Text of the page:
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Published on May 18, 2021

Osteoporosis: An Endocrinologist's Advice

Bismruta Misra, MD, MPH, FACE, Medical Director, Stamford Health Osteoporosis Center

Think you might be at risk for osteoporosis?

If any risk factors apply to you, please call our Osteoporosis Center at 203.276.4325 for more information.

If you would prefer a call from a bone health team member, complete this form.

Osteoporosis is a silent and rarely discussed condition that causes bones to become weaker which increases the risk of fractures (broken bones). 10 million Americans have osteoporosis, and over 40 million have low bone density, a precursor to osteoporosis.

Here are some startling facts about osteoporosis in the United States:

  • Osteoporosis causes 2 million bone fractures every year.
  • 1 in 2 women and 1 in 4 men aged 50 and over will break a bone due to osteoporosis.
  • Osteoporosis leads to more than 800,000 emergency room visits and more than 2.6 million doctor appointments a year.
  • 54 million people have low bone density or osteoporosis.
  • More women die each year from complications of hip fracture than from breast cancer.
  • A woman’s risk of hip fracture equals her combined risk of breast, uterine, and ovarian cancer.

I am an endocrinologist with Stamford Health Medical Group and part of this specialty is taking care of osteoporosis. My goal is to prevent fractures so that my patients can remain active and healthy throughout their life.

Maintaining good bone health through the years is not only for elderly patients. It is important to start thinking about your bone health from childhood to adulthood.

1. Exercise regularly
This is not only good for your bones, but also for your health. Weight bearing exercises ranging from walking, tennis, tai chi, or essentially any activity where you are standing, will help to keep your bones strong. We also recommend adding in weight training and strengthening exercises such as pilates, barre or gentle yoga. Mix it up so it stays fun!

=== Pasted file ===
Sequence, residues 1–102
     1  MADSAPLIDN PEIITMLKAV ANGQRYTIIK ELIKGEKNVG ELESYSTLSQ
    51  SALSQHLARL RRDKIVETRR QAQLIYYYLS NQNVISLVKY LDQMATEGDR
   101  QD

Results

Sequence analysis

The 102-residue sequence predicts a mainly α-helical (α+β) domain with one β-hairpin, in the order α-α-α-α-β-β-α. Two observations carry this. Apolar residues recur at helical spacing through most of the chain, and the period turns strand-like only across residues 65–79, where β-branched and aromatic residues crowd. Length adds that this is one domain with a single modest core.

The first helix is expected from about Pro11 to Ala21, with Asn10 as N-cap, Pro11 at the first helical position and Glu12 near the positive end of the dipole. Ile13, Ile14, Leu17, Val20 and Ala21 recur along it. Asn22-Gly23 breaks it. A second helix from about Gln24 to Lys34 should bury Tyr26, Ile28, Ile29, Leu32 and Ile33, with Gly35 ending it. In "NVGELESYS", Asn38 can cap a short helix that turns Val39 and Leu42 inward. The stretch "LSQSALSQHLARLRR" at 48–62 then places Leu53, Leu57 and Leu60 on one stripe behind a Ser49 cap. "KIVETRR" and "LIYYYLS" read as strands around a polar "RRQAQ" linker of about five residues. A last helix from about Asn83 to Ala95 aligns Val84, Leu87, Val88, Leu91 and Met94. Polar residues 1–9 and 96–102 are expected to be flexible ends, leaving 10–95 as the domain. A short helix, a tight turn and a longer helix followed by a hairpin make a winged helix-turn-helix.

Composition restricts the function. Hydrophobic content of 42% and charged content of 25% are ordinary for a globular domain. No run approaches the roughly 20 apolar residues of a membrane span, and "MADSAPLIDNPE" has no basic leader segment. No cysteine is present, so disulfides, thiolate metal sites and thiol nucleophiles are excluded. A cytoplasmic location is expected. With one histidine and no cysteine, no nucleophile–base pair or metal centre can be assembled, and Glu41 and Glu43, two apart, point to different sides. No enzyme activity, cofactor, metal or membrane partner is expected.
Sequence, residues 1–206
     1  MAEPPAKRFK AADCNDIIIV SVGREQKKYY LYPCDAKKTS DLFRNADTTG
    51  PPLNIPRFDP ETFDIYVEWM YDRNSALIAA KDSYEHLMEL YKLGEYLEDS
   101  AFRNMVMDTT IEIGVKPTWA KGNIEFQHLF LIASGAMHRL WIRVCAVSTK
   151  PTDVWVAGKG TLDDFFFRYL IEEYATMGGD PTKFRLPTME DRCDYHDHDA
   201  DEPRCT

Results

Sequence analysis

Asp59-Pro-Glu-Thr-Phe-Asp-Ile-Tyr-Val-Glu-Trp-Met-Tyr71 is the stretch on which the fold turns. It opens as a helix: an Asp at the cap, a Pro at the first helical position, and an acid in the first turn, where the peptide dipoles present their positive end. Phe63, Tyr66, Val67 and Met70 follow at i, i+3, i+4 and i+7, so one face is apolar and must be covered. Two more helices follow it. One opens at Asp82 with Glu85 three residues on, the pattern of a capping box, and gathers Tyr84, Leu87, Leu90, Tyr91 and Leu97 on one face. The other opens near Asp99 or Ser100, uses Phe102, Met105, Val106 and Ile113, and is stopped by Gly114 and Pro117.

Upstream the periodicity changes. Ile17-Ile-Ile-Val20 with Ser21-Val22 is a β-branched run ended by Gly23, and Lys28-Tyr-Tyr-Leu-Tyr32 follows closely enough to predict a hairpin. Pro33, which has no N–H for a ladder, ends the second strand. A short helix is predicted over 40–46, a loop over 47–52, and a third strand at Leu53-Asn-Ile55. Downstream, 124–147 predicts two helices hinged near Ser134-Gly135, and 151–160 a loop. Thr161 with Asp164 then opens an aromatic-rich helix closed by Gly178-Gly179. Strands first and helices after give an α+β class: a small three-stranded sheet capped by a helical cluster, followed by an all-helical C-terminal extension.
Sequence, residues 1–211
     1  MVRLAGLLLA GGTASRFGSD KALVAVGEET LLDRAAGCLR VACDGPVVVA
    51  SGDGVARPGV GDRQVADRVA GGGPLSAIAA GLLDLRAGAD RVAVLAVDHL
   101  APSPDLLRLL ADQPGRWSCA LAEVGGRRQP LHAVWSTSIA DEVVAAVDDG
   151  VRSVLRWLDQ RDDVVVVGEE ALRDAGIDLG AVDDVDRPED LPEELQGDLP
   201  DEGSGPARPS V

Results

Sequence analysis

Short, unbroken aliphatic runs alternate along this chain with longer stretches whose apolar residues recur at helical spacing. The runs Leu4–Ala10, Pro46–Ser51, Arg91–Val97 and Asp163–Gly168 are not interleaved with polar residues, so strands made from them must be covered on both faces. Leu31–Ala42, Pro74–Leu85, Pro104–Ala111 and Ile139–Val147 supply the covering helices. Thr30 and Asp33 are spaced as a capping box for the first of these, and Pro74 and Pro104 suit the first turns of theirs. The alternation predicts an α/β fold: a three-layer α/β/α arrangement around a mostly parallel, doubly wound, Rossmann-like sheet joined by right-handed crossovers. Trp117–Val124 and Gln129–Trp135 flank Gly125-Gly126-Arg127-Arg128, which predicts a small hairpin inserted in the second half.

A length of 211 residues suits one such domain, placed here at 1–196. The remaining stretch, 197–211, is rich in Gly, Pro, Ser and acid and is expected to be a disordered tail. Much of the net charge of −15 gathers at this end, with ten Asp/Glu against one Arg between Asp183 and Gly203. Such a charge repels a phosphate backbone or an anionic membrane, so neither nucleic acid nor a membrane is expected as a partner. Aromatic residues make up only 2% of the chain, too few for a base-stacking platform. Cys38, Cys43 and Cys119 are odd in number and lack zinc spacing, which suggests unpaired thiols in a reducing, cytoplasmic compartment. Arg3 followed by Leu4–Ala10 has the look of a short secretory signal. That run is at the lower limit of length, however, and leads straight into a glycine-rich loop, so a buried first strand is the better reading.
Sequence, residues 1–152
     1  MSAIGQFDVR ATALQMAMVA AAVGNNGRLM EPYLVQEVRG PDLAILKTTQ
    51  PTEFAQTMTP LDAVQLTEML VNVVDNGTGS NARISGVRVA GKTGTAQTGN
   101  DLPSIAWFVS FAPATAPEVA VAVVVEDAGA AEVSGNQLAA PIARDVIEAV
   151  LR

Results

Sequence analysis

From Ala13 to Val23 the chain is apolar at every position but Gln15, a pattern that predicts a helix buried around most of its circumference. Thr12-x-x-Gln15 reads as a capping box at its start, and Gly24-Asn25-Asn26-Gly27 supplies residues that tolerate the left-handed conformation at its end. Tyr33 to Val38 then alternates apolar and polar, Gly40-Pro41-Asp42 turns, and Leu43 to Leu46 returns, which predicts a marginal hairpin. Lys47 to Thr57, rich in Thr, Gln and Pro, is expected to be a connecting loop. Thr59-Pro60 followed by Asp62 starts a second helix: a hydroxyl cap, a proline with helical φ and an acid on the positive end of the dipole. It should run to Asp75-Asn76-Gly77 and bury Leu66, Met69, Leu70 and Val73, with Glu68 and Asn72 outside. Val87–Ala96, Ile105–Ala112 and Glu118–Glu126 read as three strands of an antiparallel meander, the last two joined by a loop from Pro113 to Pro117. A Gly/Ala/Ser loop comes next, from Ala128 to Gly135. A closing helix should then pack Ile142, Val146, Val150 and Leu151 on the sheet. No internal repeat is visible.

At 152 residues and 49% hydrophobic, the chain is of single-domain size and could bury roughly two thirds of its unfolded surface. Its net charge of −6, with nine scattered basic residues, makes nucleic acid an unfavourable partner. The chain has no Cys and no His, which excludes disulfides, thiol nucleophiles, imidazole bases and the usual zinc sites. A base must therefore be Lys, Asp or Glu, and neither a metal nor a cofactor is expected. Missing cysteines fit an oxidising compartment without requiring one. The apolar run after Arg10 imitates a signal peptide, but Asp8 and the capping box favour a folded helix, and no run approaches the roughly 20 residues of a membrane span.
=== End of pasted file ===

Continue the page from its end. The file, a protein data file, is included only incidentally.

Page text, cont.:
2. Determine the right amount of calcium and vitamin D 
Most people should try to get calcium from their diet (see this calcium calculator), and most will need to take a vitamin D supplement because there are not many natural sources of vitamin D. If you have medical conditions that affect your vitamin absorption, your doctor may recommend larger amounts.

3. Ask your doctor about a bone density test
The National Osteoporosis Foundation (NOF) recommends that all women over 65 or of postmenopausal age with risk factors, as well as men over 70, talk to their doctors about a bone density test to diagnose osteoporosis. Certain medical conditions, medications and other risk factors such as family history could warrant bone density test sooner.

This is a painless, 15-minute test that will help predict your risk of breaking a bone. Statistics show that women who have bone density scans have 35% fewer hip fractures than those who do not.

4. Take action to prevent falls 
Look around the house. Where are you most likely to fall? Beware of loose rugs and slippery stairs. Don’t walk around in socks, and keep a light by your bed in case you need to get up in the middle of the night. Some of these may seem obvious, but addressing them could prevent a fall and therefore a fracture!

5. Don’t be afraid of medications if they are recommended to you

There is a lot of controversy and misconception regarding osteoporosis medications. The medications that are currently FDA approved for osteoporosis are safe and significantly reduce the risk of hip fracture.

A 50-year-old woman has a 50 percent chance of breaking a bone. Medications are recommended because they reduce the rate of fractures, some drugs as much as a 70% reduction in vertebral (spine) fractures and a 40% reduction in hip fractures. The benefits far outweigh any risk of rare side effects. 

You can prevent broken bones from osteoporosis! Take steps to improve your bone health; they will improve your overall health!

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